Dr Ross Barnett from the University of Durham has led a team which has identified the remains of a big cat, which was found in a museum's vaults in Bristol.
The team says the creature is a Canadian lynx, a predator more than twice the size of a domestic cat.
Records show that the animal, thought to have escaped or been released from captivity, was shot by a Devon landowner in the early 1900s after it killed two dogs.
It is the first proven case of an exotic big cat being at large in Britain.
Sightings of mystery "beasts" have largely been blamed on the introduction of the 1976 Wild Animals Act, which curbed a growing fashion for exotic and potentially dangerous pets.
Some owners were thought to have freed their animals into the wild to avoid falling foul of the law.
The new research provides further evidence debunking this theory, say the experts. In fact there is a long history of big cats being at large in the UK, they claim.
The lynx skeleton was recovered from an underground storeroom at the Bristol Museum and Art Gallery. Records also unearthed at the museum show that the animal had originally been mislabelled by curators in 1903 as a Eurasian lynx.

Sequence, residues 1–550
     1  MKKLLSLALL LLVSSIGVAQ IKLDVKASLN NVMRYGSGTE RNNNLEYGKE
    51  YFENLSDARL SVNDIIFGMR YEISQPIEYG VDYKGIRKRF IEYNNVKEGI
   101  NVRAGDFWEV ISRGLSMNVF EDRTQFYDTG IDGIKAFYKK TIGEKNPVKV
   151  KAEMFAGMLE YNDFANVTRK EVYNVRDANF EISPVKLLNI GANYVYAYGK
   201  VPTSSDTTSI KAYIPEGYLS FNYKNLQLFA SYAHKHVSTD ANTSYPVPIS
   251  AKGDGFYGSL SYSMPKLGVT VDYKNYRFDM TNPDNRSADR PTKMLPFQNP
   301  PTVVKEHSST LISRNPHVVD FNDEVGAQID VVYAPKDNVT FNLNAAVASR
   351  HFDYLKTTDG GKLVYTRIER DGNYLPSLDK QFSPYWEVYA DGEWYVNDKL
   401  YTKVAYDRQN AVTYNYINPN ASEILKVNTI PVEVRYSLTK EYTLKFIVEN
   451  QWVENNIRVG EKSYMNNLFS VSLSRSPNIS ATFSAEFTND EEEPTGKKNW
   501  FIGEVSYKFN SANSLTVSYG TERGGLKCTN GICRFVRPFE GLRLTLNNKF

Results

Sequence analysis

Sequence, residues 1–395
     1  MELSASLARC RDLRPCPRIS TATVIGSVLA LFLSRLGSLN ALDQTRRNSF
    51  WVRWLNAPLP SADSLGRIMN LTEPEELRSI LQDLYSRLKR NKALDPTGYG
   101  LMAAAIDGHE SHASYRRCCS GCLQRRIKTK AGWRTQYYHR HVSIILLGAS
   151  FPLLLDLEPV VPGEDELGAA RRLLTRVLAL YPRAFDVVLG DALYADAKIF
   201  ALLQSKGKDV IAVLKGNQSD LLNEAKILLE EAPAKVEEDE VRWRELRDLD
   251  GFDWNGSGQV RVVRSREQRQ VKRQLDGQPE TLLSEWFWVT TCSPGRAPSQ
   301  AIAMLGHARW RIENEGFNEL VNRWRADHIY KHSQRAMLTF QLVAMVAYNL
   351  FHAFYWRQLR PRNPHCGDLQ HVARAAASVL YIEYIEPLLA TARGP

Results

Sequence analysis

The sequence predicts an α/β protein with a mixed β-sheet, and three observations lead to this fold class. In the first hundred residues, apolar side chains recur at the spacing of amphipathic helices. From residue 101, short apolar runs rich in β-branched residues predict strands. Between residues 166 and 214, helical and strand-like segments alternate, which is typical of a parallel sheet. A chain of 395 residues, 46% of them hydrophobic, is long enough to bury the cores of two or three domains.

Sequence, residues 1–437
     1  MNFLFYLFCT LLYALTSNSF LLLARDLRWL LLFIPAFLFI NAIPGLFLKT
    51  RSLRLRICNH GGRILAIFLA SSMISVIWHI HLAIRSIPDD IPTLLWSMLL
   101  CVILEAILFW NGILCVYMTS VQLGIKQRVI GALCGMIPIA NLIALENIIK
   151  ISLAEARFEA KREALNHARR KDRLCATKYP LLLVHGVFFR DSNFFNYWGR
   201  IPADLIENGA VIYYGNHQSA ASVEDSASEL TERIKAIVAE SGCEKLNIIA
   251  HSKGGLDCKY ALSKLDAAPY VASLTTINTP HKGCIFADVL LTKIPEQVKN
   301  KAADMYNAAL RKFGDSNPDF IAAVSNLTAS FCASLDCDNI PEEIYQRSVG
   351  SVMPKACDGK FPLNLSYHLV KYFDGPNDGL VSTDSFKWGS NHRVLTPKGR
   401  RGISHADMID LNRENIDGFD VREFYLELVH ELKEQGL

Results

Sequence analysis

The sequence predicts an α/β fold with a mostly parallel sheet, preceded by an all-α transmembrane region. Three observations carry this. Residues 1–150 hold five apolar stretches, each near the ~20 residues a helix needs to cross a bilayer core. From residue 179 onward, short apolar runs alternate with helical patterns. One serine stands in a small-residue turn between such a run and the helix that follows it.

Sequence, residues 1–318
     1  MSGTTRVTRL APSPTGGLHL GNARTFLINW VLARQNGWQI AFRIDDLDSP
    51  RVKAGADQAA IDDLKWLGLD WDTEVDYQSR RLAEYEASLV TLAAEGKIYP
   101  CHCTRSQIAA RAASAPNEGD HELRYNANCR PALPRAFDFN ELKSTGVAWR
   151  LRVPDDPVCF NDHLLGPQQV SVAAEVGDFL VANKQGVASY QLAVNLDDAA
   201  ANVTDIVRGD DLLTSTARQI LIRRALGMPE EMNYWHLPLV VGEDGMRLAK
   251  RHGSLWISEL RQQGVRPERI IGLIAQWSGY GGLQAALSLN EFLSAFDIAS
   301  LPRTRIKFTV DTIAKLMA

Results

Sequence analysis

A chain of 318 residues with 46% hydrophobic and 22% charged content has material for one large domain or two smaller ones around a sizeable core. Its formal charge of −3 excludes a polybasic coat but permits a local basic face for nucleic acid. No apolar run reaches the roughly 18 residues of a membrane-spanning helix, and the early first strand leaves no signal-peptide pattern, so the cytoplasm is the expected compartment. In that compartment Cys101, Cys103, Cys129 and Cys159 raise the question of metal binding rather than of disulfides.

The Eurasian lynx was once an indigenous British species but had almost certainly become extinct by the 7th century AD.
Laboratory analysis of the Bristol specimen's bones and teeth indicated that it had been kept in captivity long enough to develop severe tooth loss.
Colleague Dr Greger Larson, from the University of Durham, said: "Every few years there is another claim that big cats are living wild in Britain, but none of these claims have been substantiated. It seems that big cats are to England what the Loch Ness monster is to Scotland.
"By applying a robust scientific methodology, this study conclusively demonstrates that at least one big cat did roam Britain as early as the Edwardian era, and suggests that additional claims need to be subjected to this level of scrutiny."
The lynx is now on public display at the Bristol Museum.